position for the first time of the day. Wow... what happened to the
wind? Shift up. 18 km/h. Not bad; shift up again. 22 km/h. So much
for remembering this week's aerodynamics lesson! But my neck hurts from
craning it up so much....

Bailey Ave., and time to cut back over to Santa Teresa for the 10-mile
dash back to the start. Wow... 90 miles, only 10 to go. Pull over to
drink some more. There's a field in the middle of this research park,
and it's being watered with giant sprinklers. And the wind's still
blowing, and it's blowing one of the sprinkles right onto the sidewalk
by the road! In true Wile E. Coyote fashion, a light bulb goes off. I
take off my helmet, gloves, and backpack, lift up the bike and prop
it against a dry tree, and walk up the sidewalk. Here comes the
sprinkler on its circular cycle. Spray... spray... spray... SPLASH!
Wow. Spray... spray... spray... SPLASH! Neat! After about three minutes,
and probably surprising many IBMers leaving the research park, I'm now
ready for the wet T-shirt (and wet cycling shorts) contest, and I'm
feeling more invigorated that I'd been for the last several hours.
Back on the bike... almost home.

Onto Santa Teresa... just one more hill, and it's down into outer San
Jose. The wind is there, but it somehow doesn't seem so bad anymore,
and I'm back up to 24 km/h. Now it's back into the traffic lights,
rude drivers, and torn-up pavement, and everybody seems to be in such
a hurry to get somewhere they're not. 158 km... 159... 160... 161!
I did it!! But, I'm not home yet... when I modified the route back in
the hills, I made it just a wee bit longer. No problem; the road has
turned westward, and it's now just a slightly annoying crosswind.
28 km/h, and everything feels fine. Down the last of the bottles at
a traffic signal.

Where is that darn Coleman Rd? 162 km... 163... 164... there it is!
Dash across to the left-turn lane, up over the little rise, and there's
the park-n-ride! I let out a loudly-whispered "Yeah!" Someone waiting
in a car in the lot stares at me. My shirt is hanging out, although it's
already bone-dry. My hair is a mess; I feel the sunblock that's been
rubbed into the back. I look like crud, but I feel great. Load the
junk into the car, change into fresh shorts and shirt, turn the air
conditioning on FULL, and join the 5:00 commute across San Jose, back
home to Sunnyvale.

So what did I learn?

- It's been said too many times before: drink before you're thirsty.
When it's disgustingly hot outside, drink even more. And, whenever
you buy drink, buy double what you think you need, because you'll need it.

- If your body says it only wants to go 15 km/h, only go that fast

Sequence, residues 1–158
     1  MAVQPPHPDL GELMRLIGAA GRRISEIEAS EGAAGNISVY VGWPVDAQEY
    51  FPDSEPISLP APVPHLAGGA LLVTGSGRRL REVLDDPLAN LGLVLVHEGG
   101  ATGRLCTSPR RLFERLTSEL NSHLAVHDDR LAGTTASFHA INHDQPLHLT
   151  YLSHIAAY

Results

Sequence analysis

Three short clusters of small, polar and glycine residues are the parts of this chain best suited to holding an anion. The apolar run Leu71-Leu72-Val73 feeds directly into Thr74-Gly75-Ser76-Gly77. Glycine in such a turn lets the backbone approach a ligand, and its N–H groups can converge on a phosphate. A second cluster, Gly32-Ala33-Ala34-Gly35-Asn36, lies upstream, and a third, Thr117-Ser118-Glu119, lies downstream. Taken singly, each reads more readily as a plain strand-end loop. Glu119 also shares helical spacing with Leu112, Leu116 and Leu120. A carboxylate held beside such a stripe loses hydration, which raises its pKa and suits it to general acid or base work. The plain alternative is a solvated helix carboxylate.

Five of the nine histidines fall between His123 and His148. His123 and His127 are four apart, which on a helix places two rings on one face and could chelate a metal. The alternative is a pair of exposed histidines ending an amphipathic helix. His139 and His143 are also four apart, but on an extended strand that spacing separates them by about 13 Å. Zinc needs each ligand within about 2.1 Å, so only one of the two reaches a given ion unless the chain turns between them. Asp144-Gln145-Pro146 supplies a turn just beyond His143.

till it wants to go faster.

- Where wind patterns are predictable, try to lay out the route to
take advantage of the winds, and not to be taken advantage of *by* them.

- Replace that spare tube as soon as possible. I didn't have a second
flat, but I sure spent a lot of time worrying about what would happen
if I did.

- I was glad I didn't have a pre-arranged way to abort the trip. Knowing
that I'd have to negotiate buses and/or make a sheepish call to a friend
40 miles away made it a little more difficult to quit.

- Why didn't I ever use my extra Cytomax powder? I have no idea.

All pretty simple stuff you've heard before, right? Well, it was my
first century, after all, and the lessons aren't really learned until
they've been learned the Hard Way, right?

Let's see... 165 km. Gee, that's not too far away from a double metric,
is it!? Not tomorrow, at least.... Tired? You bet! Excited? Of course!
That's why I'm still up at 11:00 tonight writing all this!

Route summary:

start at Almaden Light Rail Park & Ride (San Jose)
Coleman Rd.
Santa Teresa Blvd. (becomes Hale Ave.)
Main Av. (Morgan Hill)
Hill Av.
Central Av. (San Martin)
Buena Vista Ave.
Noname Uno / San Ysidro Ave. (Gilroy)
Leavesley Rd.
Holsclaw Rd.
Hwy 152 east
Frazer Lake Rd.
Shore Rd. (becomes Fairview Ave.)
Hwy 25 north (to and through Hollister)
Bolsa Rd.
Moneterey Ave. (through Gilroy)
Hwy 152 west
Burchell Ave.
Watsonville Rd.
Moneterey Hwy. (through Morgan Hill)
Bailey Ave.
Santa Teresa Blvd., retrace route back to start (San Jose)

Total distance: 165 km (102 mi)
Total elapsed time: 11 hrs, 10 mins
Total on-bike time: 7 hrs, 50 mins
Total climbing: (est.) 500 ft.
Max speed: 38 km/h

Chris Thomas [till 31-Jul-92]
S4/7 b g+ l y+ z+ n+ o+ x-/+ a++ u v-/+ j++ [after that]